HR is like the gate that guards your home. It protects you from intruders and prevents your kids or dogs from running away, giving you and your family a sense of security.
In the same way, Human Resources (HR) protects your business from legal situations that can ruin your company and its reputation. It also helps prevent you from mismanaging your team and overlooking pertinent employee concerns.
If you’re a small business, hiring an HR manager may be the least of your worries right now, and you might be concerned that you cannot afford it. As you continue to grow and hire more people, you eventually will need someone to fill this role whether it’s a new hire or working with an outsourced team to fill those needed duties.
Human Resources is a vast and complex world of regulations, labor laws, and policy updates. An HR manager has to juggle activities that range from creating a handbook to strengthening company culture to staying on top of OSHA guidelines.
And let’s not forget planning the holiday parties and total reward programs.
In a small or midsize business, HR is usually someone’s second hat. We define this second hat as tasks and responsibilities that aren’t your primary role. Instead, it’s a gap in your business that doesn’t justify a full-time hire right now.
An administrator, hiring manager, or even you as the owner of your company can wear this second hat. When it’s not someone’s only responsibility, some critical HR tasks can be overlooked.
This article will help define human resource outsourcing, the reasons someone might want to try something new with HR, and what type of business is an ideal fit.
What is Human Resources Outsourcing (HRO)?
Outsourcing is the business practice of hiring an outside party to perform services or create goods traditionally performed in-house by the company’s employees and staff.
Human Resources Outsourcing (HRO) is a relatively new term, but it follows the same idea. HRO refers to a process in which the employer transfers responsibilities and risks for HR functions to an external provider who performs the task for the company.
HRO can look different based on which core HR functions a company outsources. Since HR and critical objectives are complex and time-consuming, businesses can outsource the whole department or pieces of it.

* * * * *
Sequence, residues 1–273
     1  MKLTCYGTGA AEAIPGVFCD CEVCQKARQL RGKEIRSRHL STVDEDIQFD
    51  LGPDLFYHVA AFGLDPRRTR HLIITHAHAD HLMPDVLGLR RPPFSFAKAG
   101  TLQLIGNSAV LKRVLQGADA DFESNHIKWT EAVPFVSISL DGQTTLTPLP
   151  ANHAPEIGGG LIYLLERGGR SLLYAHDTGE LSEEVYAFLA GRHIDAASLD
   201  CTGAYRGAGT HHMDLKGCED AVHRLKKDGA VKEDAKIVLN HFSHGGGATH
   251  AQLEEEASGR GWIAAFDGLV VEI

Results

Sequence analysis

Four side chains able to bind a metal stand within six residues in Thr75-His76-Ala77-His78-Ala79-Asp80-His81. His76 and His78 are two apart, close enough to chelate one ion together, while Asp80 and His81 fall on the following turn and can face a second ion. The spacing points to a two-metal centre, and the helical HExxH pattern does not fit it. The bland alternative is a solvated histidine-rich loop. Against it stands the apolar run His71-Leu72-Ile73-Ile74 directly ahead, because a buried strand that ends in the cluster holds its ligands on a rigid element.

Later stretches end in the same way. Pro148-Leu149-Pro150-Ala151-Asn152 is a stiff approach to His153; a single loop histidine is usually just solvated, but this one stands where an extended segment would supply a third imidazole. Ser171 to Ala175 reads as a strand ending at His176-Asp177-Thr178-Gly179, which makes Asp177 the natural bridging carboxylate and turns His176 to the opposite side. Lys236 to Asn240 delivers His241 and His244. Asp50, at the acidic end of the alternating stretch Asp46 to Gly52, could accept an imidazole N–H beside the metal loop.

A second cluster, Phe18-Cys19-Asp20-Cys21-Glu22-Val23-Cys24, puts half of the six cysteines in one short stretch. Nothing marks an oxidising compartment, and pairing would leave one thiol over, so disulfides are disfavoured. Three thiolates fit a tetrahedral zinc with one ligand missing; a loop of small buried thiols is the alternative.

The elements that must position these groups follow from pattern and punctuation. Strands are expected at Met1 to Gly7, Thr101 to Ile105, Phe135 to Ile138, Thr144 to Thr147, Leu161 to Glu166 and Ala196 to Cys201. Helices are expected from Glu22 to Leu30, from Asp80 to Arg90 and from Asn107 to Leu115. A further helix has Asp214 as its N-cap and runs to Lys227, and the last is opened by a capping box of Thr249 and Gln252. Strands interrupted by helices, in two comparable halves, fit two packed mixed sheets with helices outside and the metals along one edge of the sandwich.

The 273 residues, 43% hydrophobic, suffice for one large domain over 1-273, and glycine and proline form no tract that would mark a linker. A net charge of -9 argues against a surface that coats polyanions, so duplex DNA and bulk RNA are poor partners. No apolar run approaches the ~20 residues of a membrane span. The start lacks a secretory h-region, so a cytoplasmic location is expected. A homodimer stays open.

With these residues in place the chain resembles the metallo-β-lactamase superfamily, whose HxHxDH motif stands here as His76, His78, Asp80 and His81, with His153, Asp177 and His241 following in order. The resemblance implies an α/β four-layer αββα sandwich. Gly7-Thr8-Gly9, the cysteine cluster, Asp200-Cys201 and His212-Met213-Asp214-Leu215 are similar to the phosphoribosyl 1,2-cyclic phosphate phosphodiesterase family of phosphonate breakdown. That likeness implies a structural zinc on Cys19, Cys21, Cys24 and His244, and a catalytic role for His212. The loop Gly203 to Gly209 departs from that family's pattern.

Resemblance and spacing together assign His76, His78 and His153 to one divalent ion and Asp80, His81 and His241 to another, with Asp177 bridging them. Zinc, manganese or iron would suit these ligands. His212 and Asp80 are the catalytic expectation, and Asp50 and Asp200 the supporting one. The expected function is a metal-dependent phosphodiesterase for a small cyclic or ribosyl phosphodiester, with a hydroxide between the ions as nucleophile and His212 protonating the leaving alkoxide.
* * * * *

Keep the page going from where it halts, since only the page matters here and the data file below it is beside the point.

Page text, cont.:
Companies realized that critical outsourcing functions were not a sign of weakness but confidence and wise leadership. “I don’t know what I don’t know” is a common phrase spoken by business leaders.
HRO allows companies and leadership to focus on the areas they do know.
What services do HRO companies typically provide?
Now that we have established what HRO is and why the need arises let’s look at some common areas that a company may outsource.
HRO gives strategic support while still providing business leaders with tools to improve day-to-day talent management and operations. HR outsourcing companies can offer a full-service HR department or take on a portion of the HR staff’s tasks.
Critical functions/areas that HRO typically cover are the following:
- Recruiting, training, and personal/professional development
- Planning organizational structure and staffing requirements
- Tracking company objectives, goals, and performance evaluations
- On-boarding and orientation programs
- Calculating payroll including wages, tax withholdings, payroll taxes, wage garnishments, pension contributions, and leave accrual
- Administering benefits, including employee enrollment and subsequent withholdings
- Staying up to date on people compliance, policy updates, and OSHA guidance
Who is an ideal fit for HRO?
As you can see above, HRO is a multi-faceted beast. Some companies may outsource the entire department, while others may choose to keep their HR manager in-house.
How do you know if you should outsource your HR? Well, it begins with the concept of intent.
- What is the intent or objective your company is striving to meet?
- What area of your business needs this?
- Does your company have the talent internally to accomplish the job?
This is often the biggest struggle for a company to identify. If you don’t define what this means for your business, you’ll be unsure of the direction and potentially spend a lot of money purchasing a service that you don’t need.
Outsourcing critical HR duties are complicated enough – so not identifying exactly what you need can lead to additional confusion and errors.
Each company is unique and implements strategies and mission statements that align with what they want to become. The same goes for HRO.
As long as the company accomplishes the first step and develops a clear picture of the most effective use of outsourcing, any company can be an ideal fit.
This article helps define what HRO is and if it’s an option for you and your business.
A contractual agreement between an employer and an external provider can be a great thing for a growing business or an unnecessary expense.
You are transferring the management of, and responsibility for, certain HR functions to a professional outside of your company. That can be a nerve-wracking thought.
But if you don’t have someone on your team who is qualified to handle pertinent HR issues, it may be better to trust an expert so you don’t risk running into compliance issues and legal situations.
As an employer, you have several HRO options. You can outsource one HR function, such as applicant tracking or affirmative action purpose, or you can outsource the entire department to a provider.
The decision to outsource HR, hire a manager, or train an existing member of your team is in your hands. There are pros and cons to all options, so you have to figure out which decision aligns with your team, your values, and what you need as a business right now.
There are many types of HR outsourcing options available to companies. To get an idea of what different packages and pricing look like, read how we price HRO at Whirks.